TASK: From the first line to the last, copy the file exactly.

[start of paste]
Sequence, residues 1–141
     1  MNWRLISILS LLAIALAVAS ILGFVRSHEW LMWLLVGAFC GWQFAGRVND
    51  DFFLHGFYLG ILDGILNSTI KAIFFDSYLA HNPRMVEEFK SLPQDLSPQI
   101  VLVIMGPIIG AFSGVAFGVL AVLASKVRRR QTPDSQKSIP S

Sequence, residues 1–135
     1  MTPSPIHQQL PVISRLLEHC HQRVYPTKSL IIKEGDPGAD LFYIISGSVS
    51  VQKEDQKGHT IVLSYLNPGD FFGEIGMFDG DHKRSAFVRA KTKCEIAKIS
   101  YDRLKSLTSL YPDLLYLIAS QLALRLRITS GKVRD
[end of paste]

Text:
Sequence, residues 1–141
     1  MNWRLISILS LLAIALAVAS ILGFVRSHEW LMWLLVGAFC GWQFAGRVND
    51  DFFLHGFYLG ILDGILNSTI KAIFFDSYLA HNPRMVEEFK SLPQDLSPQI
   101  VLVIMGPIIG AFSGVAFGVL AVLASKVRRR QTPDSQKSIP S

Sequence, residues 1–135
     1  MTPSPIHQQL PVISRLLEHC HQRVYPTKSL IIKEGDPGAD LFYIISGSVS
    51  VQKEDQKGHT IVLSYLNPGD FFGEIGMFDG DHKRSAFVRA KTKCEIAKIS
   101  YDRLKSLTSL YPDLLYLIAS QLALRLRITS GKVRD